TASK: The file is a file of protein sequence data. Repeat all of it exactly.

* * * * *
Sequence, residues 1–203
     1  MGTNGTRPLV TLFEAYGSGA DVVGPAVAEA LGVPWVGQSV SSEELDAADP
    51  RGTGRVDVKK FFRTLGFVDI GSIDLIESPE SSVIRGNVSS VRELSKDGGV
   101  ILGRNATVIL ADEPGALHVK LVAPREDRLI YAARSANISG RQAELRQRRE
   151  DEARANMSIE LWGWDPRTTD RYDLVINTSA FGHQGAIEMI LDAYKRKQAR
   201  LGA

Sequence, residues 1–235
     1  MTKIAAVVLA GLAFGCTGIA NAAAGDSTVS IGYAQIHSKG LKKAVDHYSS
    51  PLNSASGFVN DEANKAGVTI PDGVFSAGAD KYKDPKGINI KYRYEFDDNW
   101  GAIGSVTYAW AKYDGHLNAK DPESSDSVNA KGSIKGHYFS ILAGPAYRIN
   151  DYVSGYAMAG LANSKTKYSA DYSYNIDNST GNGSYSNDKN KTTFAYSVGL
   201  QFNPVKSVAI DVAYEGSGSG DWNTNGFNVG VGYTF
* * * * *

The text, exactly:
Sequence, residues 1–203
     1  MGTNGTRPLV TLFEAYGSGA DVVGPAVAEA LGVPWVGQSV SSEELDAADP
    51  RGTGRVDVKK FFRTLGFVDI GSIDLIESPE SSVIRGNVSS VRELSKDGGV
   101  ILGRNATVIL ADEPGALHVK LVAPREDRLI YAARSANISG RQAELRQRRE
   151  DEARANMSIE LWGWDPRTTD RYDLVINTSA FGHQGAIEMI LDAYKRKQAR
   201  LGA

Sequence, residues 1–235
     1  MTKIAAVVLA GLAFGCTGIA NAAAGDSTVS IGYAQIHSKG LKKAVDHYSS
    51  PLNSASGFVN DEANKAGVTI PDGVFSAGAD KYKDPKGINI KYRYEFDDNW
   101  GAIGSVTYAW AKYDGHLNAK DPESSDSVNA KGSIKGHYFS ILAGPAYRIN
   151  DYVSGYAMAG LANSKTKYSA DYSYNIDNST GNGSYSNDKN KTTFAYSVGL
   201  QFNPVKSVAI DVAYEGSGSG DWNTNGFNVG VGYTF